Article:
In fact rhere are a number of options which must the user must be able to specify:
- standalone mode -> database name
- server mode -> database name / rmi server port
- client mode -> server host name / rmi client port
Based on the mode in which the app. is running, I present the user with a dialog box, where he / she can enter the appropriate options. these are then written into a properties file, and retrieved when needed.
e.g. when started in server mode, the user can enter database name / rmi server port -> this is written into the properties; then an instance of the data class is created and the database name property is retrieved.
In either case the remote client cannot be used to specify the db location (as this client has probably no knowledge of the server machine).
Does this answer the question.
TK
Jim,

I still prefer the single FileChannel


Do you mean a single FileChannel per Data() instance or a single FileChannel which is shared by all Data() instances.
TK
Hi,
A small addition:

As for the latter, the only thing you have to do is lock down the entire db when a create or delete is taking place, say by using a lock(-1). Otherwise, all's well.


I would say you only have to lock the entire database in case of a create; in case of a delete, the actual file size does not change (only a delete flag is modified) -> so locking that particular record should be enough.
TK
Hi Billy,
To be honest: I am not sure anymore whether it is OK to leave them blank...
Maybe Max has an answer to this question...
TK
Hi Billy,
Initially I also did not plan to implement create / delete (just throw operationnotsupported exception); however if you have your update method, the create and delete methods can be implemented within half an hour...
I implemented them now, and it is very helpful for testing purposes. I'll probably leave them in...
Greetings,
TK
Hi Jim,
Based on the above my solution is to synchronize on the FileChannel:

Greetings,
TK
PS Discussing these topics at this level is good fun; I'll now finish my JUnit tests and look how the whole thing performs...
[ June 01, 2003: Message edited by: Thomas Kijftenbelt ]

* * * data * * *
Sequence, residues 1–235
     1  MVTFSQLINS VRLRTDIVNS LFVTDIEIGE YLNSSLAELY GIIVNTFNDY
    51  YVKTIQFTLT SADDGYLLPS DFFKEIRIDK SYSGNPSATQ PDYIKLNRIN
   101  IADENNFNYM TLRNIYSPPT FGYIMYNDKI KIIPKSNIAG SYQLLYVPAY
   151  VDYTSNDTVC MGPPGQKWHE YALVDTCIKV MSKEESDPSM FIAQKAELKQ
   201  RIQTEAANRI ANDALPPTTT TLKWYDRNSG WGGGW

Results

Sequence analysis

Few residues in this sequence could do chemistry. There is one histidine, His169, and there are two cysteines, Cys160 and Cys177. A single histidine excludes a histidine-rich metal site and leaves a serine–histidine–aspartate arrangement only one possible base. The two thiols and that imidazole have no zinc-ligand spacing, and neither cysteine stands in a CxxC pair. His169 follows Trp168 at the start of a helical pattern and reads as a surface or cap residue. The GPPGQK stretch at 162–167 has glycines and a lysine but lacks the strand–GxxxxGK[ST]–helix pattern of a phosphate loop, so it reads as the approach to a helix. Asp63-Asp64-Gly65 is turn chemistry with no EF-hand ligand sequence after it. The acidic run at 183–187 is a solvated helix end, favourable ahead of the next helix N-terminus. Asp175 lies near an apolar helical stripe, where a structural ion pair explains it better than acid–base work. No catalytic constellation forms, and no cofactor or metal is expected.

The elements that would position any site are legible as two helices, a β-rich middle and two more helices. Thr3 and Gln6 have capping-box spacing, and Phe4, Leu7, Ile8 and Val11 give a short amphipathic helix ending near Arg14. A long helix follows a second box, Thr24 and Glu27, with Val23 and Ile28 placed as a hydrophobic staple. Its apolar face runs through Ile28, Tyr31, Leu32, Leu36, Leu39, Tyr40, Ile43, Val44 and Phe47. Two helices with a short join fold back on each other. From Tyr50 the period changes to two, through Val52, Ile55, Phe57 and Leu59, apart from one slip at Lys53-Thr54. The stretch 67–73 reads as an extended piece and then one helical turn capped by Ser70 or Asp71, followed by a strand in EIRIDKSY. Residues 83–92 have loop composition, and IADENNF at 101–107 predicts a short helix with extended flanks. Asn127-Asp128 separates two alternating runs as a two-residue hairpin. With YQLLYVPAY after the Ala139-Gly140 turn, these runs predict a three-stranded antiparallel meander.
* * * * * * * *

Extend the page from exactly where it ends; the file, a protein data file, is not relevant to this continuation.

Hi Jim,

File channels are safe for use by multiple concurrent threads. The close method may be invoked at any time, as specified by the Channel interface. Only one operation that involves the channel's position or can change its file's size may be in progress at any given time; attempts to initiate a second such operation while the first is still in progress will block until the first operation completes. Other operations, in particular those that take an explicit position, may proceed concurrently; whether they in fact do so is dependent upon the underlying implementation and is therefore unspecified.


OK, I read this part of the specification as well, and based on the last sentence I thougth that it depends on the underlying implementation whether proceeds atomically?!

Note that read(ByteBuffer, long) really needs to be called in a loop to ensure that the desired number of bytes is filled - but this isn't a problem.


I use another aproach: I create a ByteBuffer with the size of a record, and read fill the ByteBuffer in one step:

Greetings,
TK
Nitti,
Look through the post Jim suggests... I initially also thought of wrapping everything into RecordNotFound Exceptions; however you run into problemes with for example the FindByCriteria (which does not throw any exception).
I changed it, and wrap my IOExceptions into RuntimeExceptions, which I catch at the client side.
Greetings,
TK